The disciplines of biology and chemistry are undergoing remarkable and converging transformations. In response to these new developments, Harvey Mudd College has established a unique opportunity for undergraduate students: the Joint Major in Chemistry and Biology.

The Joint Major provides an organized framework that will enable students to think at the interface, to effortlessly move back and forth between chemistry and biology. They will have the background to appreciate the biological context of their research questions and will have mastered the chemistry fundamentals that underlie the properties and reactions of biomolecules. These successful students will be able to make connections and have insights that are difficult to obtain without a thorough training in both chemistry and biology. The program in chemistry and biology will capture the imaginations of talented Harvey Mudd students and reinforce their abilities to think across disciplines.

Students interested in the Joint Major should contact Professor Cathy McFadden (catherine_mcfadden@hmc.edu), chair of the Department of Biology and/or Professor Kerry Karukstis, (karukstis@g.hmc.edu) chair of the Department of Chemistry.

Requirements for the Joint Major in Chemistry and Biology

  • Chemistry 51: Physical Chemistry
  • Chemistry 53: Physical Chemistry Laboratory
  • Chemistry 56: Carbon Compounds
  • Chemistry 58: Carbon Compounds Laboratory
  • Chemistry 105: Organic Chemistry
  • Chemistry 111: Organic Chemistry Laboratory
  • Biology 54: Biology Laboratory
  • Biology 154: Biostatistics (taken concurrently with Biology 54)
  • Biology 111: Molecular Biology Laboratory
  • Biology 113: Molecular Biology
  • Biology/Chemistry 182: Chemistry in Living Systems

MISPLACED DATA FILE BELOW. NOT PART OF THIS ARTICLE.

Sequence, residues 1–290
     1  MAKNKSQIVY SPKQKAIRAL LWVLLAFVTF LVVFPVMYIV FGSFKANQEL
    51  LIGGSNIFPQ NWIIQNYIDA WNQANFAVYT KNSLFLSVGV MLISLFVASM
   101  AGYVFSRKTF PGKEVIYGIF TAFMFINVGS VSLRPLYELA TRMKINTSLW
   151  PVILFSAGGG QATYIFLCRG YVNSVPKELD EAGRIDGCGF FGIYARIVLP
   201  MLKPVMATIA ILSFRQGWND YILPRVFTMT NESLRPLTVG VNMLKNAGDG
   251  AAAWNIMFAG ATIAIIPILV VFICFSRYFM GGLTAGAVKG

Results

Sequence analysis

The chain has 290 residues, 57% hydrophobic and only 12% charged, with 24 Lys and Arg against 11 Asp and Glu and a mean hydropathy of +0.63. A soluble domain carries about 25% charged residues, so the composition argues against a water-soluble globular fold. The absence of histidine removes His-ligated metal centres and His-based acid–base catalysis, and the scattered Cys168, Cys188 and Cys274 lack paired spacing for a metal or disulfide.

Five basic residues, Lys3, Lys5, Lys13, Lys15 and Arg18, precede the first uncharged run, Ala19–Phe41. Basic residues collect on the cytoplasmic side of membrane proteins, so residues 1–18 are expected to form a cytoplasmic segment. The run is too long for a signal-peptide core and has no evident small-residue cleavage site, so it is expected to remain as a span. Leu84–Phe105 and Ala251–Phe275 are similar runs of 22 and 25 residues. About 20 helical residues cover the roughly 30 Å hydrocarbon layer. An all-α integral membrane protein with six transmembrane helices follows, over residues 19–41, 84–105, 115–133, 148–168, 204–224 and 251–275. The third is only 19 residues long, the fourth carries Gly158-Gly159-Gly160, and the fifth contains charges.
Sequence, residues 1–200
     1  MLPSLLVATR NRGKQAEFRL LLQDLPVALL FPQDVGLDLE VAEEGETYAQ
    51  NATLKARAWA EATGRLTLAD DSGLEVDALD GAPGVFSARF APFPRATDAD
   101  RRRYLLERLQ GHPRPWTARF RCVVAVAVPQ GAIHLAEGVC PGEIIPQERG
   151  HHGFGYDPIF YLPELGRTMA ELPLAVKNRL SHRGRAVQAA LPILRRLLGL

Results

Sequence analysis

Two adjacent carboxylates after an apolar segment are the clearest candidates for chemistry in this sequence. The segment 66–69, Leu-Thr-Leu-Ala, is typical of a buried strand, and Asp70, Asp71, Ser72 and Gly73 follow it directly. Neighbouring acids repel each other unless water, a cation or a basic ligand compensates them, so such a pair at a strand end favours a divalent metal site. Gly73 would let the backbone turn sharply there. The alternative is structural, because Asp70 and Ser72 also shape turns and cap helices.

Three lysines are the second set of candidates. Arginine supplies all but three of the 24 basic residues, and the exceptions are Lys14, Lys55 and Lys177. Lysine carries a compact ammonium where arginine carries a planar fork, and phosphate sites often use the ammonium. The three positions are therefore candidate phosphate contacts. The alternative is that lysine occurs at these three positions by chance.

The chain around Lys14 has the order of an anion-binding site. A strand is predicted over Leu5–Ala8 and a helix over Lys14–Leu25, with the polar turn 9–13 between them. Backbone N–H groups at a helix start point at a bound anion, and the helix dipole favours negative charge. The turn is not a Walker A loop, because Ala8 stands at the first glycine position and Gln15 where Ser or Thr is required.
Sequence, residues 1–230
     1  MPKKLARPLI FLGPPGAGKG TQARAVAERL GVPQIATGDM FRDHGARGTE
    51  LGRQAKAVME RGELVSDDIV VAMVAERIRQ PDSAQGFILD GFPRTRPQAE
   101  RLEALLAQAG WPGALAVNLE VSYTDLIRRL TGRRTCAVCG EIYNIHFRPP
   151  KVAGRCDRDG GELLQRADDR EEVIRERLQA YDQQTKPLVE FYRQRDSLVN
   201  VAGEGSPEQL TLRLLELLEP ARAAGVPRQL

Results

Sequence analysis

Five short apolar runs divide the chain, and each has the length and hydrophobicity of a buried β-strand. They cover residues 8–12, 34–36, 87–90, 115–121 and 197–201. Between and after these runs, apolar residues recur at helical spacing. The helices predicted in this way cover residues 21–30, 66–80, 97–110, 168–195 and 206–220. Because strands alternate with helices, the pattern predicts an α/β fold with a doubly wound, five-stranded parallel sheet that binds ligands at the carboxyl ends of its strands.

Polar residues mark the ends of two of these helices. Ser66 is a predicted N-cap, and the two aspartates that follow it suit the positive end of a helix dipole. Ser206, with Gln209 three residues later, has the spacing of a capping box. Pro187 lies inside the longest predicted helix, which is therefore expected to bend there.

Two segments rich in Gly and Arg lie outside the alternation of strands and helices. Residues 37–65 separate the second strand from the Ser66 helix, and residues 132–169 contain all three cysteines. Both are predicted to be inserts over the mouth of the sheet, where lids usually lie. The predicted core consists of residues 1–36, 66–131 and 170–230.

• Biology/Chemistry 184: Methods in Biochemistry
  • Biology/Chemistry 189: Topics in Biochemistry and Molecular Biology

One pair selected from:

  • Chemistry 103 – Analytical Chemistry/Chemistry 109 – Analytical Chemistry Laboratory OR Chemistry 104 – Inorganic Chemistry/Chemistry 110 – Inorganic Laboratory

One course selected from:

  • Biology 101: Comparative Physiology
  • Biology 108: Ecology and Environmental Biology
  • Biology 109: Evolutionary Biology
  • Three elective credits of upper level Biology courses, to be selected by the student in consultation with her/his adviser. Prior permission from the Department of Biology is required.
  • Two successive semesters of Biology 191–192 (Biology Colloquium) and Chemistry 199 (Chemistry Seminar) (four semesters total).
  • Two semesters of Senior Thesis Research (Biology 193–194, or Biology 195-196, or Chemistry 151–152). The senior thesis will have two readers, a mentor from one department and a co-reader from the other department.

NOTE: In order to optimize their opportunities and to enable individual flexibility, students may request to count other courses not currently listed as Biology electives. These other courses might include new biology courses developed at Harvey Mudd, cross-listed College courses (e.g., topics in biological engineering) and appropriate courses offered by other Claremont Colleges. Prior approval, granted by the faculties of Biology and Chemistry, will be required to substitute electives.

Mathematical and Computational Biology Major

As biology and biotechnology become more important in the coming decades, so will the application of quantitative methods to biological science. Mathematical and computational components are vital to many areas of contemporary biological research, such as genomics, molecular modeling, structural biology, ecology, evolutionary biology, and systems analysis of neurobiology, physiology, and metabolism.